September 21, 2005

More Deer Posting

Death to Bambi! (YOU think I'm kidding....)

The comments I got in response to my fuming about the damn, dirty deer attacking my garden prompted me to do a quick google search on deer-control in Fairfax County, VA. Seek and ye shall find.

Some choice Q&A:

How many deer live in Fairfax County? Deer live in just about every area of the County. Although it is not possible to know exactly how many deer live within the County's boundaries, population studies are conducted on an ongoing basis. These studies indicate that as many as 400 deer per square mile can be found in western parts of the County and that as many as 100 deer per square mile can be found within the County's urban sections. Science tells us that ideal deer densities are 15-20 deer per square mile of suitable habitat. Unfortunately, many of the areas in which large deer herds are found contain low levels of suitable habitat due to the large number of deer and deer overbrowsing. Stream valleys and natural wooded areas of the County that have little undergrowth and relatively few native, hardwood seedlings are likely populated by a large number of deer.

We live in a pretty heavily wooded area of half-acre lots. The population of the herd living in the woods behind my house seems to run anywhere between 15 and 20 animals per year.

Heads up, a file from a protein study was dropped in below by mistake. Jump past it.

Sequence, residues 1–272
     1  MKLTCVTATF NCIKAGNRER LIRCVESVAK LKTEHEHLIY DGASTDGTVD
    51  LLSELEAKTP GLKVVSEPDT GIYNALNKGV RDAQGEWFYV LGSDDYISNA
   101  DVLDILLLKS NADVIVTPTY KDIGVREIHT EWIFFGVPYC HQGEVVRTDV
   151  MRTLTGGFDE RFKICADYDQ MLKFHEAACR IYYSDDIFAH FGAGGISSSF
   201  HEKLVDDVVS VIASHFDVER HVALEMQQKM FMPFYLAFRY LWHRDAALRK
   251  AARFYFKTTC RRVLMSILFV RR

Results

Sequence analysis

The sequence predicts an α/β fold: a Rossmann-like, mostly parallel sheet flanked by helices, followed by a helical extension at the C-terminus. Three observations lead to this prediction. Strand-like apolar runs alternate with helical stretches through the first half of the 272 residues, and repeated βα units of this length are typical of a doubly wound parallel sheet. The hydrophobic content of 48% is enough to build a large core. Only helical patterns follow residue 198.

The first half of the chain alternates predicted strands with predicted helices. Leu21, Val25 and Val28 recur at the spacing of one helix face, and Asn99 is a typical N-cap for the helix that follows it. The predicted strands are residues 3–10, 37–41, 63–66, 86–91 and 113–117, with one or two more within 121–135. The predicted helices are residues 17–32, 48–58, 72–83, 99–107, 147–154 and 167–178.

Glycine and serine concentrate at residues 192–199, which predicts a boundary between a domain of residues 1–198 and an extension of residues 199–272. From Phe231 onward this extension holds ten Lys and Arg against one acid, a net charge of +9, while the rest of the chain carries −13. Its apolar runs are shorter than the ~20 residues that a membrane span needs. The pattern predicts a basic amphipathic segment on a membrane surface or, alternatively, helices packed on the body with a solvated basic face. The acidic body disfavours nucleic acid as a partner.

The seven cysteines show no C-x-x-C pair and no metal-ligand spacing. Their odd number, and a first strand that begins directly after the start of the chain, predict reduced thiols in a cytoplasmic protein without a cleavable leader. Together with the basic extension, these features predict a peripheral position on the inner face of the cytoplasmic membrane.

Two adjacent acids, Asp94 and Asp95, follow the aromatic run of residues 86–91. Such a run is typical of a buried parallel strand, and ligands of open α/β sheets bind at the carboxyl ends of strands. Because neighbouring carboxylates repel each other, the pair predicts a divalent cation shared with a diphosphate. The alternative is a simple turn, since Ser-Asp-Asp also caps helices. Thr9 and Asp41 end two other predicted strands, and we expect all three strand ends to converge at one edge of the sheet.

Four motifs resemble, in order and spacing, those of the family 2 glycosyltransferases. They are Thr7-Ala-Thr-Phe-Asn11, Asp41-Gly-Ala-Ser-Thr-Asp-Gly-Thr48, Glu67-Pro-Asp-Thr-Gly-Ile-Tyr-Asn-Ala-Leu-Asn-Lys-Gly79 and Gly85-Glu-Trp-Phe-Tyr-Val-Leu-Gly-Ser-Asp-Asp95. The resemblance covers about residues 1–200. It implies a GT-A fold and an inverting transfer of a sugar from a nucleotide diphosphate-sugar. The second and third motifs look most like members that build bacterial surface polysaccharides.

What does a deer eat? White-tailed deer feed primarily on leaves, buds, twigs and nuts. They also enjoy ornamental plants in residential communities such as hostas, daylilies and azaleas. An average deer eats between 5-8 pounds of plants a day.

A more accurate answer would be "damn near anything that's green".

How can I keep deer from eating my garden and the shrubs and flowers in my yard? While some plants may be less enjoyable to deer, the food palette of urban deer is evolving and expanding. Also, damage will vary depending upon availability of other food choices.

Consult local nurseries regarding plant varieties not favored by deer. Some of these include:
Common Boxwoods
Colorado Blue Spruce
Red Osier Dogwoods
Scots Pine
Common lilac
Ornamental Grasses
Tarragon and wormwood
Virginia Bluebells
Lilly of the Valley

Install fences. A resource for information on fencing options can be found at:

Some residents have found it helpful to hang wrapped bar soap in the affected area. The brand of soap does not appear to make a difference. Hotel style bars work as well as full sized bars of soap.

Keep dogs present in the area.

Contact local nurseries for information on deer repellent products currently coming on the market.